Eileen Marie Collins
As Eileen Collins walked across the stage to receive her high school diploma, she was certain that her future lay in aviation. She learned to fly on her own dime, joined the Air Force ROTC at Syracuse and quietly worked toward her goal. The year she started flying for the Air Force was also the first year NASA started accepting women for the Space Shuttle program. Her dreams could actually become reality. First though, she needed 1,000 hours in high-performance aircraft, a hindrance because women then were not combat flying. Not to be deterred, Collins became a T-38 jet instructor – the first woman to do so.
- Collins was in the first class at Vance Air Force Base to include women, and remained at Vance as a T-38 instructor pilot.
- In July 1991, Collins became an astronaut. She went on to serve as Pilot aboard STS-63 and STS-84, and Commander aboard STS-93 and STS-114, logging over 872 hours in space.
- Collins became the first woman to Command a space shuttle flight.
- In July 2005, Collins was selected to serve as Commander on the Return-to-Flight mission, STS-114, the first after the tragic loss of the Columbia crew and orbiter.
Colonel Eileen Marie Collins was born November 19, 1956 in Elmira, New York, the soaring capital of America and the home of the National Soaring Museum. At just 9 years old, Collins read an article in her Junior Scholastic magazine on the pros and cons of spending money on the space program. After reading both the pros and cons, she couldn’t imagine how any country would not spend money on space exploration.
When Collins was in college and looking towards her future, NASA announced they were accepting women for the shuttle program but at that point she didn’t have all the requirements. It would be another decade before Collins was ready to submit her application.
Collins decided the best route to space started with the Air Force. Already a licensed pilot, Collins was in the first class at Vance Air Force Base to include women. She would remain at Vance as a T-38 instructor pilot.
From 1983 to 1985, she was a C-141 aircraft commander and instructor pilot at Travis Air Force Base in California. Transferring from the small high-powered T-38 to the slow, lumbering C-141 may have been hard for Collins, but she enjoyed the change and liked being part of a crew.
She spent the following year as a Stanford University graduate student through an Air Force Institute of Technology program. From 1986 to 1989, she was assigned to the U.S. Air Force Academy in Colorado, where she was an assistant professor in mathematics and a T-41 instructor pilot.
Collins, who was dubbed “as hot a property as the Air Force had,” was accepted to the male dominated Air Force Test Pilot School at Edwards Air Force Base and created a reputation for being a cool, level-headed pilot.
Collins surprised everyone when she was accepted for the astronaut program; she never told anyone except her unit commanders. In July 1991, Collins became an astronaut.
Following a year of astronaut training at Johnson Space Center in Houston, TX, Collins was assigned to Orbiter engineering support. Next, she served on the Kennedy Space Center team responsible for Orbiter pre-launch checkout, final launch configuration, crew ingress/egress, and landing/recovery. She also worked in Mission Control as a spacecraft communicator, served as the Astronaut Office Spacecraft Systems Branch Chief, Chief Information Officer, Shuttle Branch Chief, and Astronaut Safety Branch Chief.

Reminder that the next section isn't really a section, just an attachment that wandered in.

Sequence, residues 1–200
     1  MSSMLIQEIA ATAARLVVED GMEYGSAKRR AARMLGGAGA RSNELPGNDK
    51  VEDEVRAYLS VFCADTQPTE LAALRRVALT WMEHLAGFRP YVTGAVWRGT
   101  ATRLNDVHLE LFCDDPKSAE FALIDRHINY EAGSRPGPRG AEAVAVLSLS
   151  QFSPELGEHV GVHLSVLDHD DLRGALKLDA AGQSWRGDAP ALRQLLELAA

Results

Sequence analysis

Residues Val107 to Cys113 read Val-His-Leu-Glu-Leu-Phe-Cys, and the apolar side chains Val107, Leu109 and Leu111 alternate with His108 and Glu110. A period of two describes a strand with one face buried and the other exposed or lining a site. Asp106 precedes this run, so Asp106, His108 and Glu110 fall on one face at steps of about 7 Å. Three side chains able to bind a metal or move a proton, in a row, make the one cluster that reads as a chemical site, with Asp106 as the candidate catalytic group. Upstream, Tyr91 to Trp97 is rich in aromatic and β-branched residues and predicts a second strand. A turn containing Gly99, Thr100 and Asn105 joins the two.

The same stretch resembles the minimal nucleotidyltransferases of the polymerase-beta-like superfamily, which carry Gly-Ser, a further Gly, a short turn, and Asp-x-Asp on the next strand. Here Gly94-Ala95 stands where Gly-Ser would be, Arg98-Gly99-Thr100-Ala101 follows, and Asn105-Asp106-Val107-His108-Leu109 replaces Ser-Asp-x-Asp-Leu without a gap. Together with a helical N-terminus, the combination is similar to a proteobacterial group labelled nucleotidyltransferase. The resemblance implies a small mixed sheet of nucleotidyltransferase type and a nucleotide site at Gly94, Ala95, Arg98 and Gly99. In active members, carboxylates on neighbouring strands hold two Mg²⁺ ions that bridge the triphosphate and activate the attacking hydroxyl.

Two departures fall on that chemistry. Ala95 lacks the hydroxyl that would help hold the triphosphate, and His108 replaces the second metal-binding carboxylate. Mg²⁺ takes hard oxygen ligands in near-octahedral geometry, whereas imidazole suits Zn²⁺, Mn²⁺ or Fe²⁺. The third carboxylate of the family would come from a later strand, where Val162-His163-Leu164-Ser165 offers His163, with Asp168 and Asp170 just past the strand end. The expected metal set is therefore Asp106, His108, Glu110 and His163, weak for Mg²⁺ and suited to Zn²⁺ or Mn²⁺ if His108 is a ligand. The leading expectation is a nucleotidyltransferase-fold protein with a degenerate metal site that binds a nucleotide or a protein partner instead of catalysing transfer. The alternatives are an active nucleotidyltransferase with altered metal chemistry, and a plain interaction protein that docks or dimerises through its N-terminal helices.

As a veteran of four space flights, Collins has logged over 872 hours in space aboard STS-63 in February 1995 and STS-84 in May 1997. She also became the first woman to command an American space mission when she served on STS-93 Columbia in July 1999.
STS-63 was the first flight of the new joint Russian-American space program. Mission highlights included the rendezvous with Mir, the Russian Space Station; operation of Spacehab, the deployment and retrieval of an astronomy satellite; and a space walk.
STS-84 was NASA’s sixth shuttle mission to rendezvous and dock with the Russian Space Station. During the flight, the crew conducted a number of secondary experiments and transferred nearly four tons of supplies and experimental equipment between Atlantis and the Mir station.
The STS-93 mission highlighted the deployment of the Chandra X-Ray Observatory. Designed to conduct comprehensive studies of the universe, the telescope has enable scientists to study exotic phenomena such as exploding stars, quasars and black holes. The Chandra X-Ray to Collins is the most rewarding. She says “the thousands of people involved in the project and launch proved the high skill level and teamwork involved is truly a powerful thing”
In July 2005, Collins flew her last mission, this time as the STS-114 Commander. STS-114 was the Return-to-Flight mission after the tragic loss of the Columbia crew and orbiter. In the years leading up to the mission, Collins and her crew were involved in research to make the Space Shuttle safer and more operationally efficient. During the flight, the crew tested and evaluated new procedures for inspection and repair. These included the first Rendezvous Pitch-Around Maneuver, now a standard procedure on all shuttle flights to the space station, the first on-orbit robotic inspection of a heat shield, and the first on-orbit repair of a heat shield. STS-114 proved that the shuttle was ready to safely continue it’s job of building and supplying the International Space Station.
For her pioneering role in the exploration of air and space, Eileen M. Collins has earned her place in the National Aviation Hall of Fame.